Prices increases escalated again on a year-over-year basis in August according to information released on Tuesday by CoreLogic.  The company's Home Price Index (HPI) was up by 6.2 percent compared to August 2015.  The July annual increase was 6.0 percent and June-to-June appreciation was 5.7 percent. Price gains from July to August nationwide were estimated at 1.1 percent for the third consecutive month.



Oregon, Washington, and Colorado continue to outpace the rest of the country with annual price increases of 10.3, 10.2, and 9.1 percent respectively.  Other states with outsized gains were Utah at 7.7 percent and Florida and West Virginia each with 7.6 percent appreciation.  The only state in which prices are declining is Connecticut which posted a 1.1 percent annual loss.

"Housing values continue to rise briskly on stronger fundamental and investor-fueled demand, as well as lack of adequate supply," said Anand Nallathambi, president and CEO of CoreLogic. "This continued price appreciation is contributing to a growing affordability crisis in many markets around the country."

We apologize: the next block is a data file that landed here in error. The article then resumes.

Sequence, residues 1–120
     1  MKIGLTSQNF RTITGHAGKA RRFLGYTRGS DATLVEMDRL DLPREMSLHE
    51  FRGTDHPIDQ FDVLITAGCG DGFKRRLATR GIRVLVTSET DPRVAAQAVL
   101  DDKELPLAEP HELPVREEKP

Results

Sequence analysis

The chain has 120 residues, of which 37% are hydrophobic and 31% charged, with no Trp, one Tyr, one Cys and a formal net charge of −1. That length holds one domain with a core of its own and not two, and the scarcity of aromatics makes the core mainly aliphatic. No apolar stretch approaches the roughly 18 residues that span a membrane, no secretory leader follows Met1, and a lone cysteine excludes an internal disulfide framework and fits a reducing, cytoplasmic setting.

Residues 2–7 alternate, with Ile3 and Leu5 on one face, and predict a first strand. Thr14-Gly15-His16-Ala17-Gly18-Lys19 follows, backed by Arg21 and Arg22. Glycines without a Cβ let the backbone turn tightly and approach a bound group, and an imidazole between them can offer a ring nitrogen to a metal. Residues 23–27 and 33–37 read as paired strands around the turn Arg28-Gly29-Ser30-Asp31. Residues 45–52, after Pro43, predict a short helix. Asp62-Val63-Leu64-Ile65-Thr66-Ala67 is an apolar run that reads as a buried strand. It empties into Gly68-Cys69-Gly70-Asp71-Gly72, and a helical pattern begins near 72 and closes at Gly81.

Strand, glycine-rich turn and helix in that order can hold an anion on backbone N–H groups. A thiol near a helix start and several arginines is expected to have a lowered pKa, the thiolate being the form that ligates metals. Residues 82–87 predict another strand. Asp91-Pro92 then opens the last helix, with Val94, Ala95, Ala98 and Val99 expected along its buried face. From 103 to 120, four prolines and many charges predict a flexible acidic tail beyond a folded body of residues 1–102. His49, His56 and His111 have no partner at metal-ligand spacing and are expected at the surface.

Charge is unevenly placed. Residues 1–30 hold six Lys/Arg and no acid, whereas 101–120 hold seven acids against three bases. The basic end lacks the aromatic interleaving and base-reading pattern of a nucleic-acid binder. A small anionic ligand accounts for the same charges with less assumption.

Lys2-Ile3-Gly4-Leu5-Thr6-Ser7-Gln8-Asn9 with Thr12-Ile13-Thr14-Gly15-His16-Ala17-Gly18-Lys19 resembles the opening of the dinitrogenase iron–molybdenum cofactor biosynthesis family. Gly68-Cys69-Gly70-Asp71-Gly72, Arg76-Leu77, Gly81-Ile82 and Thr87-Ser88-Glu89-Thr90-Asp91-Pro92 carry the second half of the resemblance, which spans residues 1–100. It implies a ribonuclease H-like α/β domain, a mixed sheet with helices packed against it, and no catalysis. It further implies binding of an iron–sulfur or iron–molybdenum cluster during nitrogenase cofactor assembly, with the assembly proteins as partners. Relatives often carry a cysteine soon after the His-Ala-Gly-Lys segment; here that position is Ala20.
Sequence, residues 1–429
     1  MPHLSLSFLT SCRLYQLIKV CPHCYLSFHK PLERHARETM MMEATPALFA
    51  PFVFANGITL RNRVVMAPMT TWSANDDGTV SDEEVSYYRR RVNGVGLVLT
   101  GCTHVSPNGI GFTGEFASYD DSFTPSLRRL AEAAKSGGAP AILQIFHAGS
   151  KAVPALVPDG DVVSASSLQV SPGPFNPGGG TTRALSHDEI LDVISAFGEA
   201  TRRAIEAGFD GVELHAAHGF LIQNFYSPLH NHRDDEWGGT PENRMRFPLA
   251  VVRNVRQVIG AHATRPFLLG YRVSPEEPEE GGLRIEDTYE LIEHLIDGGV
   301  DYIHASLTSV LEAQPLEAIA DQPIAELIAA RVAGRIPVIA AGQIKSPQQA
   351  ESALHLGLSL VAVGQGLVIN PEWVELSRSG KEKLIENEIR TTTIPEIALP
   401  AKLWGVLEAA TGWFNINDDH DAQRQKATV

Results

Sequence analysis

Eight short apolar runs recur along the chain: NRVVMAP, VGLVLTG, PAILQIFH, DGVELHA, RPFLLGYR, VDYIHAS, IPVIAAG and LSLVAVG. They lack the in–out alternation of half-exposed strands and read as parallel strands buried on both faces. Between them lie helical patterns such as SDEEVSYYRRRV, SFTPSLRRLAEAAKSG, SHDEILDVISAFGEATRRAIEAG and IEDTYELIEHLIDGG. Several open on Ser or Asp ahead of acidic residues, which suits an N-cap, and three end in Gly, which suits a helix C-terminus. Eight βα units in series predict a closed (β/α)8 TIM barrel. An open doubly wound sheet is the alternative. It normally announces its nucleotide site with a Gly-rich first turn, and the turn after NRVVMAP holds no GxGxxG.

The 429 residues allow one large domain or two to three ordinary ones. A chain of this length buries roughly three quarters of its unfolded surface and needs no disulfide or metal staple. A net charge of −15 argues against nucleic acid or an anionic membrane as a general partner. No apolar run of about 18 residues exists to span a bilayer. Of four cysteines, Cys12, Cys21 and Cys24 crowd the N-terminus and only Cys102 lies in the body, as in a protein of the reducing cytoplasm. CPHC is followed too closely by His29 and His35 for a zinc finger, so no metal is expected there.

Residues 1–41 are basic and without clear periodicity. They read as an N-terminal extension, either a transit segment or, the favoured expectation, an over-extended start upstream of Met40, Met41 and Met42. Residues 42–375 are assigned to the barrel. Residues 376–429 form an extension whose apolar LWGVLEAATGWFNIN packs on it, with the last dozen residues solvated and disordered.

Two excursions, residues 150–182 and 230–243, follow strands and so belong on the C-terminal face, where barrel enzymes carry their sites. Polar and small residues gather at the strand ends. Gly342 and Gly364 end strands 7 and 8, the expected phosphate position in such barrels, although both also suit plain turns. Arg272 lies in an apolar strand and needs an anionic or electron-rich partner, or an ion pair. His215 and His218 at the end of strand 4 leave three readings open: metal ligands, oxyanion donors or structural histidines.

CoreLogic is forecasting an increase of 5.3 percent over the 12-month period that will end in August 2017.  Its forward looking HPI anticipates an increase of 0.4 percent from August to September.  Actual month-over-month numbers have been twice or more what CoreLogic has forecast almost every month this year.

"Home prices are now just 6 percent below the nominal peak reached in April 2006," said Dr. Frank Nothaft, chief economist for CoreLogic. "With prices forecasted to increase by 5 percent over the next year, prices will be back to their peak level in 2017."